The UN Climate Summit is happening today in New York. Yesterday more than 30,000 people attended the Climate March in Melbourne. People all over the world marched in protest over government inaction on climate change ahead of the Summit, creating a bigger global awareness of the issues we all face. Unfortunately our Prime Minister Tony Abbot is “not able” to attend, due to ‘scheduling conflicts’. Given that the majority of world leaders are meeting today to focus on the future of a sustainable planet, Sustaining People hopes Tony Abbot’s inaction doesn’t leave Australia flailing in the dust.
Check out the official UN Climate Summit 2014 page for news as it happens. Watch this space over the next few days for news on the Summit’s progress.
Four years ago, architect Michael Pawlyn recorded a TED Talk at the TEDSalon London 2010, where he spoke about the benefits of biomimicry and how it can be used to change the way society approaches sustainable design. Watch his presentation above, and you will be excited about the wonder and simplicity of natural systems that are guiding the way that our cutting edge developers and dreamers are creating a sustainable future.
The second half of his talk Using Nature’s Genius in Architecture, focused on the potential of the Sahara Forest Project (SF Project). Put simply, the project is ‘…a combination of environmental technologies to enable restorative growth, defined as revegetation and creation of green jobs through profitable production of food, freshwater, biofuels and electricity…’. Essentially this project aims to revegetate large areas of arid desert, whilst simultaneously using a closed loop system to create food, energy, freshwater and natural building products on the same land.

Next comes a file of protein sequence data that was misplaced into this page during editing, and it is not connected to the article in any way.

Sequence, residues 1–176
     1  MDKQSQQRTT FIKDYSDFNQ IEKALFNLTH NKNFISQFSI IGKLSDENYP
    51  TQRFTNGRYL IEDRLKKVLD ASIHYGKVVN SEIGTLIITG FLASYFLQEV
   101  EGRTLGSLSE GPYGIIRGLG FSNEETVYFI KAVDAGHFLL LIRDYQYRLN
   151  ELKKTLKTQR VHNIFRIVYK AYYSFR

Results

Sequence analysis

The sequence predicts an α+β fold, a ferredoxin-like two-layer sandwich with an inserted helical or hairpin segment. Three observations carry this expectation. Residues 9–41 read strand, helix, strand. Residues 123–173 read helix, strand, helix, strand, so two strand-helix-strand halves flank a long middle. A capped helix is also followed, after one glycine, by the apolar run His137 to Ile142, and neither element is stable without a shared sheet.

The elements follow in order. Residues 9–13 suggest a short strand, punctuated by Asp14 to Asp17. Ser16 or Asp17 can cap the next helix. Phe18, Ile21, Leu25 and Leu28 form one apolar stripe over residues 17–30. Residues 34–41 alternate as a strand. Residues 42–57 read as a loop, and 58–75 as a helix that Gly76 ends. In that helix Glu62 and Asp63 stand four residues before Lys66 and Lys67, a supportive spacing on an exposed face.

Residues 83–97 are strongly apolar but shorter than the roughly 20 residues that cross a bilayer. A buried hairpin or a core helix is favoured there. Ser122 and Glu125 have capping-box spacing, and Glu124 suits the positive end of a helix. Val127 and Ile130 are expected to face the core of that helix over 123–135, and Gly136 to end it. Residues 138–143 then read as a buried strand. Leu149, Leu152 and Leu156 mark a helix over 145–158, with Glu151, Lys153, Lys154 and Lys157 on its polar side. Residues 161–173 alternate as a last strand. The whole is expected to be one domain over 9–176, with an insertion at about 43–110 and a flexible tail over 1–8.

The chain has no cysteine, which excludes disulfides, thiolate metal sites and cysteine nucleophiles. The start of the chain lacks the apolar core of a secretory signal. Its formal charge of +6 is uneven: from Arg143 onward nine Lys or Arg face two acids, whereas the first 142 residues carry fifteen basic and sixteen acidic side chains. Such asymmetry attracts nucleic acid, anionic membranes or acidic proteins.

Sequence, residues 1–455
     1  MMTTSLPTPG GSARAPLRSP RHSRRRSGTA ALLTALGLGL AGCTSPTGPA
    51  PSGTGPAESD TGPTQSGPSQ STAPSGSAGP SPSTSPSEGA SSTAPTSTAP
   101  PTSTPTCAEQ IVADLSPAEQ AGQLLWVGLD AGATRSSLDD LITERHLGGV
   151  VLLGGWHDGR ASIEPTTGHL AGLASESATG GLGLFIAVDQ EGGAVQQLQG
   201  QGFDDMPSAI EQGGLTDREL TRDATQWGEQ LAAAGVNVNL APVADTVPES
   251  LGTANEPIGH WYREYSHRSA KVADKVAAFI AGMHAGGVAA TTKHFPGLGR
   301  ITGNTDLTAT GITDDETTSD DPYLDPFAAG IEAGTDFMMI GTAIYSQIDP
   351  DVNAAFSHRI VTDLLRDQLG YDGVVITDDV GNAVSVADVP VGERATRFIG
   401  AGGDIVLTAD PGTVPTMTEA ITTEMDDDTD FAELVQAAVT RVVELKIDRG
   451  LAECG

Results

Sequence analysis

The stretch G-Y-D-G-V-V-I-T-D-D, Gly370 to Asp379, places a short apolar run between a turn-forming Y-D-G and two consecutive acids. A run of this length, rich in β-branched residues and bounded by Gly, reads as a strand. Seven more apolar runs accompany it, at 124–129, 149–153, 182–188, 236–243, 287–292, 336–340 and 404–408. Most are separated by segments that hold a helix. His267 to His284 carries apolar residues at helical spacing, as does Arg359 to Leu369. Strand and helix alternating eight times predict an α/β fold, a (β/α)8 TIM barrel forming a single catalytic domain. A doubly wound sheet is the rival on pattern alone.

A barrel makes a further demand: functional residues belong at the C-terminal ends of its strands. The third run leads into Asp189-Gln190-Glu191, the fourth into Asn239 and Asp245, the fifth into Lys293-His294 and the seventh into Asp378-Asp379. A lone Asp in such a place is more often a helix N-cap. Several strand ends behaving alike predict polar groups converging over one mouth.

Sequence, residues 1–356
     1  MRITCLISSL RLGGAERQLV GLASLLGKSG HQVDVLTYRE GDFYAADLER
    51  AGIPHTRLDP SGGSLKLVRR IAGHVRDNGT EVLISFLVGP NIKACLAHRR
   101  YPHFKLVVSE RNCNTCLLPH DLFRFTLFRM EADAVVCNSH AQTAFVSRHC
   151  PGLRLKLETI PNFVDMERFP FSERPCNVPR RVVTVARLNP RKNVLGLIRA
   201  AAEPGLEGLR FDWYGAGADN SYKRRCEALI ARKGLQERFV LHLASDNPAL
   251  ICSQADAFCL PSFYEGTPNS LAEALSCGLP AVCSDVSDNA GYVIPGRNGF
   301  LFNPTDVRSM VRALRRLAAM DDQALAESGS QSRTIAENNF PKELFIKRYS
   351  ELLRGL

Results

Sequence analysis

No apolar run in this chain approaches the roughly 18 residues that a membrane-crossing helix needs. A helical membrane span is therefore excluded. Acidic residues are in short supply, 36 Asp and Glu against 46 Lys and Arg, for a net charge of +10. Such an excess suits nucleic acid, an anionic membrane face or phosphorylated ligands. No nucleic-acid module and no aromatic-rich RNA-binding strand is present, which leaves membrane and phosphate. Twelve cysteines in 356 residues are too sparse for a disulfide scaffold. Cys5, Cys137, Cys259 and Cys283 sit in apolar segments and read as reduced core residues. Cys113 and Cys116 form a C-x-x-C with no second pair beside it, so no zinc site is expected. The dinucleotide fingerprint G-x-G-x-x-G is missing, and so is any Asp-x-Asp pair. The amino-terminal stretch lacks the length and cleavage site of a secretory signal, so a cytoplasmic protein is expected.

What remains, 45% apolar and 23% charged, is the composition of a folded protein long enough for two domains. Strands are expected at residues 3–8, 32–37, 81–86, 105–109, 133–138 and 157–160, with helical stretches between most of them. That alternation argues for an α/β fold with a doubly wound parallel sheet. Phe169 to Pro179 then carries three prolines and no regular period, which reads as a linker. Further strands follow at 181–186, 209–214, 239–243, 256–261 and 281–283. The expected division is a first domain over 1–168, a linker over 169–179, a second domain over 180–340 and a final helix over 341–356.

Four years on, the Sahara Forest Project has strong backing by many nations, and Qatar has hosted the pilot facility to asses and nurture the viability of the project since its completion in December 2012. In June of this year, Jordan signed an agreement to build a Test & Demonstration Centre, which will act as a hub for innovation and capability to showcase the economic viability of the project.
So what can we learn from this amazing experiment and its successes to date? Here are five lessons that will have a profound impact on the future of this project, and other projects that are in the pipeline around the world. Continue reading Lessons from the Sahara Forest Project
Just over a week ago, Australia celebrated EnviroWeek 2014, a fantastic community initiative that works with Australian schools to promote sustainable practices. The project was run by Cool Australia, and its CEO Jason Kimberley has a built a real future-focused movement for sustainability education in schools. Since starting the organisation in 2008, Jason and his team have engaged more than 15,000 teachers and 500,000 students across Australia, with 172,732 students from 2137 schools this year taking part in 314,495 local and community projects to promote sustainability and help the environment. Continue reading Australia’s Green Labour Force: The Next Generation
Since the repeal of the Carbon Tax and the debate around the Renewables Energy Target the future of Australia’s energy seems more and more uncertain every day. With this in mind, and given that it is friday, Sustaining People would like to lighten your load with some good old fashioned satire from our friends at The Shovel.
The Shovel has an alternative to our future energy problems and it’s hilarious. Read the article after the jump and enjoy the rest of your friday!
Renewable Target: 20% Of Australia’s Electricity To Be Powered By Burning Scientific Reports – The Shovel.